The default mode network typically does not overlap with functional groupings involved in goal-directed and motor tasks. A number of other functionally organized networks have been identified, with some overlap in regions various researchers have included within each. These networks include: a dorsal attention network, a central executive network, task-positive networks, a sensorimotor network, a reward network, and a salience network. Clusters of brain regions involved in motor learning can be recognized, both at rest (Albert, Robertson, & Miall, 2009; Biswal, Yetkin, Haughton, & Hyde, 1995; Wu, Srinivasan, Kaur, & Cramer, 2014) and in-task (Hasan et al., 2013).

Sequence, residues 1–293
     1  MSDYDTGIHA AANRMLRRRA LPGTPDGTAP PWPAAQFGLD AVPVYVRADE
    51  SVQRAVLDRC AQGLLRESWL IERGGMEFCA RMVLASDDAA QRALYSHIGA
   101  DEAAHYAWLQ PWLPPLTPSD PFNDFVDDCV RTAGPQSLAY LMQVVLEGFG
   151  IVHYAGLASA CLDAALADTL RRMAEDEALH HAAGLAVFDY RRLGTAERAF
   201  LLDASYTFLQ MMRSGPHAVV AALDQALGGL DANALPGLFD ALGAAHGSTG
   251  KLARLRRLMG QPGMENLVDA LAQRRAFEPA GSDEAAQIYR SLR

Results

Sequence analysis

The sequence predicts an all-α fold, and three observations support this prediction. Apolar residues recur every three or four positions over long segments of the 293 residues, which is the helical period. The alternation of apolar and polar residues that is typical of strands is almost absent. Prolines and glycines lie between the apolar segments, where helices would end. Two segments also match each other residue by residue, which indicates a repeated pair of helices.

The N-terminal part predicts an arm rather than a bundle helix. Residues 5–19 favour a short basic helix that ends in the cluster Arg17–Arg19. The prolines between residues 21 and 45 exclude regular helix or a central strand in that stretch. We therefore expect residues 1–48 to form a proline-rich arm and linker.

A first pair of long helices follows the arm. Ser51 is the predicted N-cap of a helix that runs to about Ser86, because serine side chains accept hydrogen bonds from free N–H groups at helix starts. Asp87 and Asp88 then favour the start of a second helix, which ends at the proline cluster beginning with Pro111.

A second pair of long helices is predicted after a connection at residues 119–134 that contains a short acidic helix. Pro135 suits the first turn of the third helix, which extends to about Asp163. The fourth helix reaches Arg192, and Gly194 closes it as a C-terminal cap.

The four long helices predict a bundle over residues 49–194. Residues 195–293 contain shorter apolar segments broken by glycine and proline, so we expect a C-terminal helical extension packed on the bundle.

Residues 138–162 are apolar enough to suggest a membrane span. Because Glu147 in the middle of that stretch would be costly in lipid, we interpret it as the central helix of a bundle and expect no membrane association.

Functional connectivity can be disrupted in a number of diseases and disorders, including clinical conditions such as Parkinson’s disease, traumatic brain injury, depression, Alzheimer’s disease, autism, schizophrenia, and stroke (Buckner, Andrews-Hanna, & Schacter, 2008; Corbetta, 2012). Importantly, functional connectivity is related to motor skill learning (Albert et al., 2009; Song, Gotts, Dayan, & Cohen, 2015) and to higher levels of motor skill (Di, Zhu, Jin, Wang, Ye, Zhou et al., 2012; Ito, Matsuda, & Shimojo, 2015; Kim, Han, Kim, & Han, 2015; Milton, Solodkin, Hluštík, & Small, 2007; Li, He, Huang, Zhang, Lu, Lai et al., 2015). Functional connectivity tracks the learning of motor skills, and more distinct functional connections are associated with higher skill (Kim, Chang, Kim, Seo, Ryu, Lee et al., 2014; Milton et al., 2007).